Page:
I have become a Harris Teeter person rather than a Food Lion person. Supermarket choice is a biggie for me, obviously. Maybe I’m just feeling more middle class. More likely, though, it’s the fact that since I eat much differently now than I used to–much less processed and frozen crap–I’ve found that HT is not really any more expensive, but it really is much more pleasant. For reference, though, I will never become a Whole Foods person. There is nothing pleasant–nor even remotely tolerable–about being inside a Whole Foods.

I don’t drink sweet tea anymore. Haven’t in a long time. That ended pretty quickly after my first year back east. I pretty much never go to Waffle House or Krispy Kreme either.

People still don’t quite know what to make of me when I speak. I don’t have quite enough twang to register as a local but still have enough to make people wonder. I say “freeway” instead of “highway” or “interstate” and I actually know how to pronounce “gyro.” That said, I often–but not always–still emphasize the first syllable of “insurance” and “Thaksgiving.”

I am not one bit more fond of children, sports (even college basketball), or religion than I was eight years ago. I may even be less so. I have, though, started caring about discovering music again, even if a sizable proportion of it is in a language I understand only un petit peu.

I really miss being able to visit LA with relative ease. Being able to visit New York and Tornoto with relative ease helps make up for this.

I have discovered that many of the things I thought i disliked about city life were actually things i disliked specifically about San Francisco. But I have also come to expect more out of a living space for a lower price, which will make it hard for me ever to return to an extremely urban environment. I may regret this but I’m not sure. Related: Now that I have a house that can be cleaned, I’ve realized I kind of like it that way. Given any option in the world, would this be my first choice of where to live? Probably not. But it’s perfectly acceptable and I’m not clawing my eyes out dying to leave like I was in SF eight years ago–or like i was here twenty-plus years ago.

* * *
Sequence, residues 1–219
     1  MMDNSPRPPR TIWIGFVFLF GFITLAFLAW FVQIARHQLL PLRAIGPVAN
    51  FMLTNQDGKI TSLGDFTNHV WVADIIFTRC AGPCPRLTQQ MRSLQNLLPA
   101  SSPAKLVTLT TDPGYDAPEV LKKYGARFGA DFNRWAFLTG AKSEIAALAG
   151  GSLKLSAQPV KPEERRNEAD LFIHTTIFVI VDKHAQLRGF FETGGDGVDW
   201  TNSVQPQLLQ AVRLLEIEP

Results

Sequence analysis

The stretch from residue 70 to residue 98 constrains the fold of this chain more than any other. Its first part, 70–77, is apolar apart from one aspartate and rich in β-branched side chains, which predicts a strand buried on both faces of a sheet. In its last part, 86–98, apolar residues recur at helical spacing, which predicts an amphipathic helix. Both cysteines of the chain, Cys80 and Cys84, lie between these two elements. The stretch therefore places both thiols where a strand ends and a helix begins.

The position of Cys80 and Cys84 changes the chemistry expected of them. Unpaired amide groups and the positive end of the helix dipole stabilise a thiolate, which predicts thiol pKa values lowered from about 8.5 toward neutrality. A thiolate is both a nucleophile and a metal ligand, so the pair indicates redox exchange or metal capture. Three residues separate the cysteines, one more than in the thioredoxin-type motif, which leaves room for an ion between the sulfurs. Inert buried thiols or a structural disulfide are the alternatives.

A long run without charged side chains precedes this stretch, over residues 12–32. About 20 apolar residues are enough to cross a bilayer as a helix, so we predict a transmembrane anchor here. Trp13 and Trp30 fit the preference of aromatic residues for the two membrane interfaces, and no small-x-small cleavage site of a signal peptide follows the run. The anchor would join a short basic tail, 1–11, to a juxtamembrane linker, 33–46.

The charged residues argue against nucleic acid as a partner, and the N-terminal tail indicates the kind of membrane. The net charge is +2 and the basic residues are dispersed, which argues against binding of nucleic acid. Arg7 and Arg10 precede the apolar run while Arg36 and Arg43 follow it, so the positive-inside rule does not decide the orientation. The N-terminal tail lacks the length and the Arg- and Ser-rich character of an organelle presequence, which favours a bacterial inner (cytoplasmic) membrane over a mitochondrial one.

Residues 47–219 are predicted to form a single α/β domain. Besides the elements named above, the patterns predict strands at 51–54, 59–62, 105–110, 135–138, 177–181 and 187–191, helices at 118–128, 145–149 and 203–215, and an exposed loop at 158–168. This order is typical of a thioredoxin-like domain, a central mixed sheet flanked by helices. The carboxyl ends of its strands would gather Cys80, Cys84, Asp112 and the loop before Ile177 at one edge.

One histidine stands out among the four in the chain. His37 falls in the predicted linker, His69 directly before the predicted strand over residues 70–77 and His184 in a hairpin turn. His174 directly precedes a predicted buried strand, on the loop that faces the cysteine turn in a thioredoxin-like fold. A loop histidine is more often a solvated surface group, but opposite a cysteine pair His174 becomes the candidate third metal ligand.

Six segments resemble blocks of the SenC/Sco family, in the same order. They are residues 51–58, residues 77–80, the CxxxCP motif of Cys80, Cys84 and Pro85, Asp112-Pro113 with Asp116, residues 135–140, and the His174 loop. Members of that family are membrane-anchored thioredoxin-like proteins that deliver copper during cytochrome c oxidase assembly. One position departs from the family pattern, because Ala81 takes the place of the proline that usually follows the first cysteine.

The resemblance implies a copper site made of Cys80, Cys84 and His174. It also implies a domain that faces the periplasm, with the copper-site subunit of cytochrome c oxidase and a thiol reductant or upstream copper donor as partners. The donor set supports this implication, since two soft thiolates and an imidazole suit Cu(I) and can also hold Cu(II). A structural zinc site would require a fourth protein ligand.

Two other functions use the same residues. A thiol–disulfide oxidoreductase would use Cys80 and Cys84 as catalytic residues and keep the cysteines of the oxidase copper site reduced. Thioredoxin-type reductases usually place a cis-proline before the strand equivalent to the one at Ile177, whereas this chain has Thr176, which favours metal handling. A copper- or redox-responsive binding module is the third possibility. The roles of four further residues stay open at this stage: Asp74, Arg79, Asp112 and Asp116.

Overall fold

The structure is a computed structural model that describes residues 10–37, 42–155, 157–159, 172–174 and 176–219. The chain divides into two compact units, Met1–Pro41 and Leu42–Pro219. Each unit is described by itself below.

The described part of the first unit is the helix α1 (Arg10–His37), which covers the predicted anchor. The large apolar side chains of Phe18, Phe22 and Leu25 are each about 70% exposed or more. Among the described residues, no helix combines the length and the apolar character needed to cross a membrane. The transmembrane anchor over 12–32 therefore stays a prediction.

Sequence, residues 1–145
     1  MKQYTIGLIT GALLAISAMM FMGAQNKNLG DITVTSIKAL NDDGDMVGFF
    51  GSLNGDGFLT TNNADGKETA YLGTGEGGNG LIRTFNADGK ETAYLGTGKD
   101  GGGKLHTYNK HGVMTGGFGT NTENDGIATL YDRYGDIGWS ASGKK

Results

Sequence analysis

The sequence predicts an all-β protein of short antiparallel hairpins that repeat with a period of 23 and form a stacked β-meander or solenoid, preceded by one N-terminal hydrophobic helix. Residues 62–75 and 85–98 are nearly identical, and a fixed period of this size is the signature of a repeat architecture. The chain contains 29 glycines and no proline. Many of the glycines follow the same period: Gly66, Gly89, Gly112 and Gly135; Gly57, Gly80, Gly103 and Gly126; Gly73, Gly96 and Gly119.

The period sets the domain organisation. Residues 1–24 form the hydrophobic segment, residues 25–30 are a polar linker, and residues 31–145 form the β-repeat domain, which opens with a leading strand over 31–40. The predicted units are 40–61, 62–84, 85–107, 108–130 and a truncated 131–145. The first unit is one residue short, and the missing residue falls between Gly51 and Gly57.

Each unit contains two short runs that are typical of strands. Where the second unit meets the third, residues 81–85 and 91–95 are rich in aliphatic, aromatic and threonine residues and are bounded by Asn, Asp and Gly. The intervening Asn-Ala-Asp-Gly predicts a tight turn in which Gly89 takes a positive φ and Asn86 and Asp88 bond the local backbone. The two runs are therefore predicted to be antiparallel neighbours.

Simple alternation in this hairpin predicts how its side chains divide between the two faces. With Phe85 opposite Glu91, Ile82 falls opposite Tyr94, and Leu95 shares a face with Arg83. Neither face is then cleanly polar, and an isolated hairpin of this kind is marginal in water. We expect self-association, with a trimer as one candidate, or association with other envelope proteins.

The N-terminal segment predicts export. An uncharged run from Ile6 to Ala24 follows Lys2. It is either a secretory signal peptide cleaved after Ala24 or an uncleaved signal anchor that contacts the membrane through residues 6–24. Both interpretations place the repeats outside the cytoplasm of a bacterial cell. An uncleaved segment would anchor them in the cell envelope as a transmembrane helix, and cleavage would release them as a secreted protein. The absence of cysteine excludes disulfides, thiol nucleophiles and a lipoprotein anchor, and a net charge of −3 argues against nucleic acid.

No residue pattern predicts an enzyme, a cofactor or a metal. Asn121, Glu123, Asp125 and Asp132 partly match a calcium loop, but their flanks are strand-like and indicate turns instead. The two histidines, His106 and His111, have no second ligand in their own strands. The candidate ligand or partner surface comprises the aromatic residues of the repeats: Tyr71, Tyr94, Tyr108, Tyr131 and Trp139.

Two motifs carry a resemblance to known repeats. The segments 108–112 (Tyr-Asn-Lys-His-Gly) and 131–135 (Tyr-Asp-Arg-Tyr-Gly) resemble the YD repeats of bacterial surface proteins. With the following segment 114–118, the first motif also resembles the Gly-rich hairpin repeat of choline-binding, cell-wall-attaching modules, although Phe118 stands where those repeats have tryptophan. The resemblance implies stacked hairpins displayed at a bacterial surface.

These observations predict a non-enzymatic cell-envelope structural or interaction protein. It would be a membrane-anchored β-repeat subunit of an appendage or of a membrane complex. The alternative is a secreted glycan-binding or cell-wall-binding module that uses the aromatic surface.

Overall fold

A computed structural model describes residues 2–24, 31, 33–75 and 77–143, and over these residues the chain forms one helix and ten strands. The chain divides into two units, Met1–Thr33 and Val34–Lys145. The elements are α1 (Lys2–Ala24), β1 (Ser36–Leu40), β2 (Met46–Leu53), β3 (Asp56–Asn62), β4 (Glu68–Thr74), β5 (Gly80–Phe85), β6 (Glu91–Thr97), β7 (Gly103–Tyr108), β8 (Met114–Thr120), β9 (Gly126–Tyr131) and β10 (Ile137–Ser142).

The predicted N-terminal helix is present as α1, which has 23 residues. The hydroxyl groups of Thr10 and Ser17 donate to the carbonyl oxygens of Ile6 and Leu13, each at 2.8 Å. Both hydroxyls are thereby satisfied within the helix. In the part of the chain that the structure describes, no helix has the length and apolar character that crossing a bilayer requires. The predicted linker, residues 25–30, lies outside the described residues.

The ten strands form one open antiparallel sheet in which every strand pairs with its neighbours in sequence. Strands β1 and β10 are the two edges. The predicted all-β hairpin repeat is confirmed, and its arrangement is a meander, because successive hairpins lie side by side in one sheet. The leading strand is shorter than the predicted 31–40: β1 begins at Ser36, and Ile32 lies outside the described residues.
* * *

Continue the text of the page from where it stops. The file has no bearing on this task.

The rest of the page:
I hope never to have a thirty-mile commute again. Having a real career for the first time in my life, however, is pretty danged nice.

I have by necessity rediscovered a big part of my individuality and my independence over the past few years. The various circumstances that led to this were not ideal, but I think the end result will be positive. The fact that I have reconnected with a lot of old friends is a big bonus as well.

Where will I be in June of 2021? I won’t make any predictions at all.

Videolog: Second Chance

Peter Bjorn and John
Second Chance (2011)

I like it. It sounds like really good power pop, circa 1981. Or like “Sign of the Gypsy Queen” by April Wine–which may or may not qualify as really good power pop, circa 1981. And no, I’m not entirely sure why I’m associating these two songs…

On the town

I spent a good chunk of my Canada Day weekend throwing out more crap from my two houses, but I took a break Saturday night to do the town with my friend Jeff.

I really should get out more. We had a  great time at College Hill and Westerwood, where there were interesting people and passably good music. Then we hit what is apparently Greensboro’s newest queer bar. I don’t know how new it is in terms of opening date but I can assure you there’s nothing else new about it, including the exorbitant cover charge. The crowd consisted of the same thirty or forty homos who have inhabited every Greensboro queer bar since time began, all of them wearing the same cologne and dancing to the same shitty music they were dancing to twenty or thirty years ago. For good measure, some guy I was a little embarrassed to have slept with almost thirty years ago hit on me. Suffice to say I declined his advances. If I were looking for a new hangout in Greensboro, it would be one of the two former bars, not the latter.

Today, I dealt with some stuff for Mom, took care of some things in Winston, had lunch at Cagney’s, and came home to watch the rain–there have been lots of opportunities for that this summer–while pondering my Fourth of July road trip. It’s looking like DC right now. I’m trying to decide between the cheaper hotel that’s not as nice and is farther from transit but is closer to Old Town Alexandria, and the slightly more expensive one that’s really nice and is right next to the Metro station but is more of a hike to anything local.

There was also German food in Durham on Friday and shawarma on Saturday.